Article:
Loretta Ritter, guidance counselor at the Wicker Park School, testified that respondent was a student there prior to his arrest and was in a category B level of bilingual education. Although she had never had any personal contact with respondent, it was her opinion that Miranda warnings, given in English, could not be comprehended by someone of this level of fluency.

Respondent testified on his own behalf that he did not understand any of the English waiver questions Warnick showed him. When shown a test previously given him in English in which he matched *932numbers with their equivalent English words and scored 90% correct, respondent testified that he had studied before taking the test.

Finally, pertinent to his contention that he gave his statement as a result of physical coercion, fatigue, hunger and thirst, the respondent testified that subsequent to his arrest, the police, in an attempt to force him to sign his written statement, slapped him and pulled his hair. In addition, respondent further testified that he received no food, water or sleep from his arrest at 6:20 p.m. on January 21, 1982, to the time that he signed his written statement at 7:10 a.m. on January 22,1982.

The trial court denied the motion to suppress, holding that the passage of time between respondent’s arrest and his statement was not coercive, and then observed that respondent had “certain comprehension of key language” while in the courtroom. The trial court, after taking notice of a “certain amount of sophistication in the streets today,” referred to respondent’s number translation test as being persuasive towards the question of his English comprehension.

At trial, the victim’s girlfriend related the events leading to the victim’s death. Assistant State’s Attorney Warnick testified regarding the time and place of the statements, and it was stipulated between the parties that Warnick would give the same testimony that he gave at the hearing on the motion to suppress the statement regarding the circumstances of the arrest. The court thereafter admitted the respondent’s statement into evidence. On October 14, 1982, respondent was found delinquent, adjudicated a ward of the court and committed to the Illinois Department of Corrections, Juvenile Division. He appeals from that finding.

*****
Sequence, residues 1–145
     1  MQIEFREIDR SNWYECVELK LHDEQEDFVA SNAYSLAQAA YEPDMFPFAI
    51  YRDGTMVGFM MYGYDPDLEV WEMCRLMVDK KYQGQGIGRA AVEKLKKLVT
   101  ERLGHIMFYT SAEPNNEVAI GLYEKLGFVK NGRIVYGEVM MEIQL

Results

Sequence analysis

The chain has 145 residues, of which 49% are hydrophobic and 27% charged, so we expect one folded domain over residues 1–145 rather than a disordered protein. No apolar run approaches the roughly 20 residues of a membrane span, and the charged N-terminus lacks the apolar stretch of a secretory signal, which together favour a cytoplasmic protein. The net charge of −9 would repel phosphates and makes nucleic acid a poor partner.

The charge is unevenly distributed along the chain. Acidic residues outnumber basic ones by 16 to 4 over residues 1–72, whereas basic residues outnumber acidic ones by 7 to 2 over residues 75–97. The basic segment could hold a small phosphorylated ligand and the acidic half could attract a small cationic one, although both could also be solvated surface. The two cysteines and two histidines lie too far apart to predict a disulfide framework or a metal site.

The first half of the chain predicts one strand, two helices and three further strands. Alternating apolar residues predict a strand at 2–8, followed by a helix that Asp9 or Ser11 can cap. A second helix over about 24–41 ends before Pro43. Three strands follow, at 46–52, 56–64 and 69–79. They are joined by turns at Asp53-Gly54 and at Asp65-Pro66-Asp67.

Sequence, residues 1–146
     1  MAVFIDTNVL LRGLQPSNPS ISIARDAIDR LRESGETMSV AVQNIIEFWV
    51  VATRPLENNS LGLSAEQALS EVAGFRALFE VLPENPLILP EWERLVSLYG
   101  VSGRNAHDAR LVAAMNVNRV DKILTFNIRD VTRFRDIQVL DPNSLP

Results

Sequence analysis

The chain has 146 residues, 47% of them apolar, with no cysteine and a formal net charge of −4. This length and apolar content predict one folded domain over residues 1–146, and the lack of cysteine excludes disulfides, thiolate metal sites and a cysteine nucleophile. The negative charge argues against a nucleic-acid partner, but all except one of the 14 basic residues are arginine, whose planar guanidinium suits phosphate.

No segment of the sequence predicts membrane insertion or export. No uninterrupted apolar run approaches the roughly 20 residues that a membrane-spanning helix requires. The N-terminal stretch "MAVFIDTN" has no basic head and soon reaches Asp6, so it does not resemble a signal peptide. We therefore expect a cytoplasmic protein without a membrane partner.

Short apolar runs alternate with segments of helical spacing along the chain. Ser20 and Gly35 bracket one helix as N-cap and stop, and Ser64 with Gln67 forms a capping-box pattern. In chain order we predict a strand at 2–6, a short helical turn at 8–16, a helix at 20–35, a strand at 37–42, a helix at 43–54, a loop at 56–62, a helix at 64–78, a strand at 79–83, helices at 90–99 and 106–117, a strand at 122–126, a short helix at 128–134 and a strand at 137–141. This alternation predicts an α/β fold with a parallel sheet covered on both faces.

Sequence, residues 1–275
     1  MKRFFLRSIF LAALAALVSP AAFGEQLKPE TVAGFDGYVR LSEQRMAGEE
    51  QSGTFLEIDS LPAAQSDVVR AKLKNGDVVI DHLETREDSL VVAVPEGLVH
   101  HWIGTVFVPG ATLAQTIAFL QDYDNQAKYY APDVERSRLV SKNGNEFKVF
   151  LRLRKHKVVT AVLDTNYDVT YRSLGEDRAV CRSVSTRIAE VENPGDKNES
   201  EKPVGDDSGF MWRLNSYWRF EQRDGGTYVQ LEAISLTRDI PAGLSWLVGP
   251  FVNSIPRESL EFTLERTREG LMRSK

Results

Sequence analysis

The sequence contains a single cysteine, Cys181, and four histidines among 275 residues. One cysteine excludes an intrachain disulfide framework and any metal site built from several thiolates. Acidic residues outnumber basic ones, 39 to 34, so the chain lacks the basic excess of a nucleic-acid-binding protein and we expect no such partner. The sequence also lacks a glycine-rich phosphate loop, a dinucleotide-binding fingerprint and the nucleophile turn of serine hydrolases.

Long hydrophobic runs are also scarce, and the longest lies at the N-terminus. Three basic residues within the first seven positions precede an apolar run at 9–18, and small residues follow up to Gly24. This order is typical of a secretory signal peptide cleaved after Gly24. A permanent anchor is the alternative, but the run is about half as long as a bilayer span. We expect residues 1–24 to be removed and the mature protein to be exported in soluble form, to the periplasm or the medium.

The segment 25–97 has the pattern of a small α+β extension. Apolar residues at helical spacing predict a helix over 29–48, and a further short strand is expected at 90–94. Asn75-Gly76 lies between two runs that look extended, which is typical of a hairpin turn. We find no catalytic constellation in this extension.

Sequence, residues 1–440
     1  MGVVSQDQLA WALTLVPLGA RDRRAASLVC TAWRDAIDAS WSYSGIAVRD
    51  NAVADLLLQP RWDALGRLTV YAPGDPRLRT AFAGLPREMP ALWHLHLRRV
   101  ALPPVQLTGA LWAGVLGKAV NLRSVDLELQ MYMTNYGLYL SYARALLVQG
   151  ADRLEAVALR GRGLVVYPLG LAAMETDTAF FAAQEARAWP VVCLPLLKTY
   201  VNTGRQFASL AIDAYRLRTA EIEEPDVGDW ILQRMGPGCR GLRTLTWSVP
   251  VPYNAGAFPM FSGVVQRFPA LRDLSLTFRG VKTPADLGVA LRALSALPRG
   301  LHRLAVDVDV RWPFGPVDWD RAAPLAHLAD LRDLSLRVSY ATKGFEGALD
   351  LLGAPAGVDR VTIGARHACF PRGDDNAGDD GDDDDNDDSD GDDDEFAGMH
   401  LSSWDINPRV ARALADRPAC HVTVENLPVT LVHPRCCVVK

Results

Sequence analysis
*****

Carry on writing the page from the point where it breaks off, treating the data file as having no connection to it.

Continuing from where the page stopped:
We first consider respondent’s contention that the trial court erred when it denied his motion to quash his arrest and to suppress his statement because the arrest was made without probable cause and followed information supplied to the police by an unidentified informant who was neither a victim nor an eyewitness to the offense.

In deciding the question of probable cause the courts deal with probabilities, which are the factual and practical considerations of everyday life on which reasonable men, not legal technicians act. (Draper v. United States (1959), 358 U.S. 307, 3 L. Ed. 2d 327, 79 S. Ct. 329.) The lawfulness of an arrest without a warrant depends upon whether the officer has reasonable grounds for believing that the person to be arrested has committed the criminal offense. People v. Durr (1963), 28 Ill. 2d 308, 192 N.E.2d 379.

*933The law is clear in Illinois that an arresting officer may rely upon information supplied by an informer in determining whether probable cause exists “if the reliability of the informant has been previously established or independently corroborated.” People v. McCray (1965), 33 Ill. 2d 66, 70, 210 N.E.2d 161, 163, aff’d (1967), 386 U.S. 300, 18 L. Ed. 2d 62, 87 S. Ct. 1056.

Whether information received by an informant amounts to probable cause is to be determined on the totality of the circumstances. (Illinois v. Gates (1983), 462 U.S. 213, 231, 76 L. Ed. 2d 527, 544, 103 S. Ct. 2317, 2328.) In Gates, the United States Supreme Court abandoned the rigid two-pronged test for establishing probable cause based on an informant’s tip that it had articulated in Aguilar v. Texas (1964), 378 U.S. 108, 12 L. Ed. 2d 723, 84 S. Ct. 1509. The Aguilar test required satisfaction of a two-pronged analysis: first, the informant had to satisfy the “basis of knowledge” prong, which was concerned with the facts and circumstances showing that the informant knew that the person named had been or would be involved in criminal activity; the second is the “veracity prong,” which is concerned with the facts and circumstances from which it was concluded that the informant was credible or his information reliable. (378 U.S. 108, 114-15, 12 L. Ed. 2d 723, 729, 84 S. Ct. 1509, 1514; People v. Winters (1983), 97 Ill. 2d 151, 160, 454 N.E.2d 299.) An exception to this analysis, as set forth in Spinelli v. United States (1969), 393 U.S. 410, 21 L. Ed. 2d 637, 89 S. Ct. 584, allowed corroboration of facts in a tip to compensate for an inability to satisfy the “basis of knowledge” prong. ;